An Eating disorder is difficult to cope with, and it becomes increasingly challenging when your partner doesn’t show any desire to understand the what and why of your recovery journey.
I was in a serious relationship when I saw this scenario unfold. For almost two years, I was with someone who I thought would always be there for me. I quickly discovered otherwise when he displayed pure annoyance as I began to engage in eating disordered behaviours.
It wasn’t until my boyfriend angrily told me to “wake the **** up” that I thought it may be time to leave him.
But because I relied on him so much, I stuck around. I couldn’t imagine my life without him, even if he grossly misunderstood my struggle.
The more I went to the gym, the more agitated he became. He would call me to say that I was spending too much time at the gym and not enough with him. That was true, but the issue was also his unwillingness to help. I’m not blaming him for making my eating disorder worse, but he also wasn’t understanding or supportive.
Are you enjoying this article?We are a nonprofit magazine. This means we depend on the generosity of others to keep our magazine running. If you are enjoying this article, would you consider making a donation?
When we went to the gym together and I didn’t stay long (about 45 minutes), he would tease me by saying, “Oh, you’re leaving? You’ve hardly been here!” You can imagine how that played with my head. If he really wanted to stop me from going to the gym, he could have forced me to leave. True, I wouldn’t have left without a fight, but I would have appreciated that he cared.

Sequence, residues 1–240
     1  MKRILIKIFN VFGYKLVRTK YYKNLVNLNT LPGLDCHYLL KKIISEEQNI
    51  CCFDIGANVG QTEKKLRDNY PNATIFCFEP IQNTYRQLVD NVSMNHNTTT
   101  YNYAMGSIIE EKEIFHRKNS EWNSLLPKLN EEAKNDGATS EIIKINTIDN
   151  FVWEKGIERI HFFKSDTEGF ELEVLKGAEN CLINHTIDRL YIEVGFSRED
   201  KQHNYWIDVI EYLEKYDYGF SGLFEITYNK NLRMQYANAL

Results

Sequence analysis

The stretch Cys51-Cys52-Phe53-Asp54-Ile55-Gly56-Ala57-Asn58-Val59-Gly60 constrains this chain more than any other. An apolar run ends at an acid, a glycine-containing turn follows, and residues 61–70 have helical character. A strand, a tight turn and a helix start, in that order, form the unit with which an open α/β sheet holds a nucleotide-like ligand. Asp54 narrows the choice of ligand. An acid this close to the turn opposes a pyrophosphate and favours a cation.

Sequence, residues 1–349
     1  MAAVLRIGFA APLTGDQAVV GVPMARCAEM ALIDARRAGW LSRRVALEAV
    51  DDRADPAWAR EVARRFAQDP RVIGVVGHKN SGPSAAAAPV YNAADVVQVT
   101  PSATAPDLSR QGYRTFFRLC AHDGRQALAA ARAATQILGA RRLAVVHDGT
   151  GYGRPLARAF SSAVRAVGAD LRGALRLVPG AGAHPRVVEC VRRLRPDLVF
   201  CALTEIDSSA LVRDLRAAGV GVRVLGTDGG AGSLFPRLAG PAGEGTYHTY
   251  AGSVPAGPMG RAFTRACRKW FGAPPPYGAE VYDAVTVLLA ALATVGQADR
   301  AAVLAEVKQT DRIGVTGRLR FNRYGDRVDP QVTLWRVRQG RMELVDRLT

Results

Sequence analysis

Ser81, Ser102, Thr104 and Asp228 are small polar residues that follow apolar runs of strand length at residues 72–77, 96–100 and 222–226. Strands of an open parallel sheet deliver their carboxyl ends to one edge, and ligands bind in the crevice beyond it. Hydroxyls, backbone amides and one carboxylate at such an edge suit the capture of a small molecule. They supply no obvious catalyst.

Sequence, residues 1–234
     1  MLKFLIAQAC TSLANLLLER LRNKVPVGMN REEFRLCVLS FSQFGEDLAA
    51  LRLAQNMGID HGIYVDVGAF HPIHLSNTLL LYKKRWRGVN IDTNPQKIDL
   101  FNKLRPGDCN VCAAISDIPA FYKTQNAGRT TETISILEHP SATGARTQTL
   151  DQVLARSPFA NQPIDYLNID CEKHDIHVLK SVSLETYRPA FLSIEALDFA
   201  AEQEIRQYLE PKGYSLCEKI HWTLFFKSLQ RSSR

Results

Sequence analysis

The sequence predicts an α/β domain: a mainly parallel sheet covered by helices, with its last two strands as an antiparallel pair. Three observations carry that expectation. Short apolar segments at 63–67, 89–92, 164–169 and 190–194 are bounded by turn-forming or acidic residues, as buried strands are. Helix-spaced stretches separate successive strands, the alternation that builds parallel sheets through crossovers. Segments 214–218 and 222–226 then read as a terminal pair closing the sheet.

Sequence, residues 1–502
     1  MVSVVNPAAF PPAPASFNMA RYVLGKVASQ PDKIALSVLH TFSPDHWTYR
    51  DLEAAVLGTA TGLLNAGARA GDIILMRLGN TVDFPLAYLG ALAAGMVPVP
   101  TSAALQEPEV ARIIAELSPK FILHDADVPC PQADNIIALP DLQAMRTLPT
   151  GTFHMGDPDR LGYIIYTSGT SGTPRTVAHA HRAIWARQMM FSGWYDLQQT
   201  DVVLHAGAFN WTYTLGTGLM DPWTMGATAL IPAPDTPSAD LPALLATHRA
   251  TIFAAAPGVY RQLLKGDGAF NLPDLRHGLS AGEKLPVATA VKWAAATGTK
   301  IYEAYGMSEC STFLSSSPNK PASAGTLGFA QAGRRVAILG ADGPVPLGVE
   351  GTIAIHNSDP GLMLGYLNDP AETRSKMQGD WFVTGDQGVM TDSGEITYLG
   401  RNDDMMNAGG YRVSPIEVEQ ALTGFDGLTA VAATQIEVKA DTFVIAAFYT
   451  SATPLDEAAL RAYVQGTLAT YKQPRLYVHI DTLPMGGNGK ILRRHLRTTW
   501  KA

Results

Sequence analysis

But nothing happened. His attitude toward me and my eating disorder did not improve.
The longer I stayed with him, the more he teased me about my eating and exercise habits. Finally, we decided to end our relationship.
If mine sounds like a familiar story, my initial advice would be to leave the situation before it gets worse. I realize that every relationship is different, but I also know how detrimental it is to be with someone that sees your disorder as a joke.
Thankfully, there are ways to educate your loved ones and a variety of resources to help guide them to being supportive, even if they have no prior experience with eating disorders. While on your journey, it’s also important be sensitive to your loved ones’ emotional state – watching a loved one struggle with an eating disorder is both mentally and emotionally exhausting.
If your partner or family member doesn’t seem to understand your eating disorder, please seek guidance and don’t settle for miscommunications and misunderstandings.
Help comes in the form of everything from articles on Libecounsellorsselors, online recovery forums, and online havens like the Libero Facebook support group that can be (and have been for me) extremely helpful for those struggling.
Stay strong and remember that you are not alone.
Share this post:
Before you go...If you found this article helpful, please support our our magazine. We are a nonprofit and depend on donations in order to continue providing resources and support for mental health. You can donate using this form:
Donate to Libero Magazine
Want to share your story or submit an article to our site?
We would love to have you share your story or your mental health experiences or tips with the Libero community! For more information on submitting, please visit: liberomagazine.com/submit
Are you a blogger?Join our Bloggers Network and have your content shared on our site for the Libero community! Find out more at liberomagazine.com/bloggers
Disclaimer:The views and opinions expressed in this article are those of the author(s) and do not necessarily reflect the official views, beliefs, or opinions of Libero Network Society. In addition, any advice, tips, or recommendations made within this article should only be followed after consultation with a medical professional and/or your recovery team. Libero Network Society holds no liability for any potential harm, danger, or otherwise damage that may be caused by choosing to follow content from this article.